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John Garrett: what makes a coach?

by John Garrett / Vancouver Canucks
It’s been an interesting start to the season for a lot of different reasons – a surprising 3-1 start for the Canucks among them – but the biggest is undoubtedly the news out of Chicago this week, where the Canucks will play Sunday.

It must be some kind of record: You fire your coach four games into the season, right after your team's first win, and hot on the heels of a 17-point improvement over the previous year.

The timing of this move is questionable because obviously this was in the works at the end of 07-08. Why would you not have your new coach in place in September? 

Dale Tallon said the team was flat in training camp and flat to start the season. A new coach will bring some life, but he’ll need some time to get his systems in place.

There’s no doubting that Joel Quenneville is a very good coach and that he’ll help this young team improve. But he was hired in the summer as a pro scout. You’re trying to tell me that this wasn’t in the works then? Something smells like fish here.


John Garrett is a former Canuck and currently the colour commentator for Sportsnet.

Now, Denis Savard is a good guy and loves the game – you can’t question that. He coached the same way he played: with flair and passion. Combined with his incredible talent, this made him one of the most exciting players of his era, but it did not make him a good coach.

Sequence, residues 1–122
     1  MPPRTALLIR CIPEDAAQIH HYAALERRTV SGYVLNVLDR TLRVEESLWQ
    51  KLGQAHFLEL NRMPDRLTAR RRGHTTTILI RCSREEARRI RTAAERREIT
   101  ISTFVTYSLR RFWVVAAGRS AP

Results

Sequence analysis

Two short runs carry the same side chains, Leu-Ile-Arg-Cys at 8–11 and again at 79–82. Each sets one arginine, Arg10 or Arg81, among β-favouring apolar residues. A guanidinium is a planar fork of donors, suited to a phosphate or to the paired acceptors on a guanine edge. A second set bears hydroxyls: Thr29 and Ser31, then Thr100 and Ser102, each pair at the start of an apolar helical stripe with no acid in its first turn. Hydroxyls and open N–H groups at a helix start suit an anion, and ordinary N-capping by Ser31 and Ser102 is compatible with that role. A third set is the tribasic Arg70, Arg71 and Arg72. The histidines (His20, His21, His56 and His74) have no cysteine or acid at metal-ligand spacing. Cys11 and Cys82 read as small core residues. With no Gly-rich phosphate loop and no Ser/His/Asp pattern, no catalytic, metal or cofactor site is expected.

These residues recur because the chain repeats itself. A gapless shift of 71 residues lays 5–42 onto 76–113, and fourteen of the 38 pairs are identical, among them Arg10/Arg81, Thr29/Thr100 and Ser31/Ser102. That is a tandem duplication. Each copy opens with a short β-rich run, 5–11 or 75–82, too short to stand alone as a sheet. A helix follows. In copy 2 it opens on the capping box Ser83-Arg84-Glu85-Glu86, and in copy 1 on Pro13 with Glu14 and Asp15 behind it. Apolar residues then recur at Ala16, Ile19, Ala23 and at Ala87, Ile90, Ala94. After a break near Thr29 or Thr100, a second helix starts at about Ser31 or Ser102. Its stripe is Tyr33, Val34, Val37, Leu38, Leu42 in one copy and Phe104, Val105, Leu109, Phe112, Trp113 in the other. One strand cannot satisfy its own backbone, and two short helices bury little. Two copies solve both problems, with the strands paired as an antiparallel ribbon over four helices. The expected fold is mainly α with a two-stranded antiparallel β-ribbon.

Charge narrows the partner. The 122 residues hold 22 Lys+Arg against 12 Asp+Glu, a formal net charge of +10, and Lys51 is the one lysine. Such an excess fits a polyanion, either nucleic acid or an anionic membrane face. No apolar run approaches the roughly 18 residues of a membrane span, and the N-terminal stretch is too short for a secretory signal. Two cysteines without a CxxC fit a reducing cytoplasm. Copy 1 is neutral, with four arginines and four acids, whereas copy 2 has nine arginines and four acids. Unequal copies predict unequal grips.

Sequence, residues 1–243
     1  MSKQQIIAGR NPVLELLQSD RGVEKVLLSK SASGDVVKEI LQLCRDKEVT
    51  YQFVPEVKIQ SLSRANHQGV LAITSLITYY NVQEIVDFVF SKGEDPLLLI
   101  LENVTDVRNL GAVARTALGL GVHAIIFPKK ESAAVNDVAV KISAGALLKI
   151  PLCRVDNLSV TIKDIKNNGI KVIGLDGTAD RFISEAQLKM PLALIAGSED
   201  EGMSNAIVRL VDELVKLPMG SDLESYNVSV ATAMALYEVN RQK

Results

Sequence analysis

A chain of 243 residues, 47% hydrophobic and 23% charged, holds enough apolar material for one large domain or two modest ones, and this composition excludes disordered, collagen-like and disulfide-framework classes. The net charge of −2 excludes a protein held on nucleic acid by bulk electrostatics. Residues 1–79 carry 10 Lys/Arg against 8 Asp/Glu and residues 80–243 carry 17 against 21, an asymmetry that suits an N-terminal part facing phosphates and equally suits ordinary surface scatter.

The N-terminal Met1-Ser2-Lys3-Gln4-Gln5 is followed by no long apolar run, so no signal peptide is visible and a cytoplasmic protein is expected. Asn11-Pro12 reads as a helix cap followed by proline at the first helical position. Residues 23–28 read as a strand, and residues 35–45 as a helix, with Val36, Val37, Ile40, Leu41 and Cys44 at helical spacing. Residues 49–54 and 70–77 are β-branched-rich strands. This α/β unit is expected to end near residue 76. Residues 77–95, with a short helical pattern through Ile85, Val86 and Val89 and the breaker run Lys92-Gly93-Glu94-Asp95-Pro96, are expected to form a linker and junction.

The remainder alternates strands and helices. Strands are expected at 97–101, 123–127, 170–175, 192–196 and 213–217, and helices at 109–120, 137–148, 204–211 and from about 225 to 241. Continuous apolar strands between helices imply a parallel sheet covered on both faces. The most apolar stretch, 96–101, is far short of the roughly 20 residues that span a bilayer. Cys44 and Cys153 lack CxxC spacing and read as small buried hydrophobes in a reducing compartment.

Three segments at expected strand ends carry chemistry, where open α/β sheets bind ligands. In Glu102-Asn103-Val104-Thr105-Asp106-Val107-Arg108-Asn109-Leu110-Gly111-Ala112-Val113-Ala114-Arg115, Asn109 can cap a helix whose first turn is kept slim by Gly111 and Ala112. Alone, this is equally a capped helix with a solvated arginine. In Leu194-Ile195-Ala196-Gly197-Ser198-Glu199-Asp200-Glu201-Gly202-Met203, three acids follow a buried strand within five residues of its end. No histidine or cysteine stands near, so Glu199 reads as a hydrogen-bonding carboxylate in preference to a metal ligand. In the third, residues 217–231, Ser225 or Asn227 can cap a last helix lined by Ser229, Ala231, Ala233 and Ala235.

Just take a look around the league and show me a good coach who had that star label as a player. The truly gifted players do not have to work at the game. They don’t have to study play after play, or work on their skills game after game just to survive in the NHL.

One of the best examples is Canucks head coach Alain Vigneault.

AV played 42 games in the league and scored twice. He had to work hard at the game to even do that. He came up through the junior ranks and learned his craft.

Mike Babcock never made it the NHL but played in the WHL in Saskatoon and Kelowna and four years of college. He coached in junior and the American league before making the jump.

Former Canucks coach Marc Crawford averaged less than 30 games a season in the NHL over his eight-year career before coaching at various levels to make his way to the show. And he won a Stanley Cup.

Craig Mactavish also has his name on the big trophy, but as a player. But was he a star? He made his reputation by being a hard-working third liner.

Ron Wilson was at best a fifth or sixth defenceman. I am just going to rattle off a few more to make my point: Randy Carlyle, Brent Sutter, Bruce Boudreau, Barry Melrose, Claude Julien, Lindy Ruff, Dave Tippett and Barry Trotz.


Wayne Gretzky is the lone star who comes to mind when I think of players who have made the transition to good coach. But even then, I don’t think people realize how hard Wayne had to work to be the best player to play the game. The talent came naturally, but Wayne worked at it.

I remember playing against the skinny little kid with the Indianapolis Racers and thinking that he would have a tough time surviving in professional hockey, let alone dominating in the physical game of the late 70's and 80's. Gretzky led by example both on and off the ice. He studied the game and his opponents. He is the only star I can think of who has made the jump.

I don’t mean to come off callous, because Denis Savard was a great player and symbolized the Blackhawks for a long, long time. But he struggled in the coach’s role and probably shouldn’t have jumped behind the bench to start with.

Having said that, four games into a new season seems like awfully odd time to right the wrong. You just hope it doesn’t adversely fix a young Blackhawks team that’s dripping with talent and possibility, at least not long-term anyway. A little shell-shock wouldn't hurt as Canuck meet them Sunday in a Pay-Per-View special.
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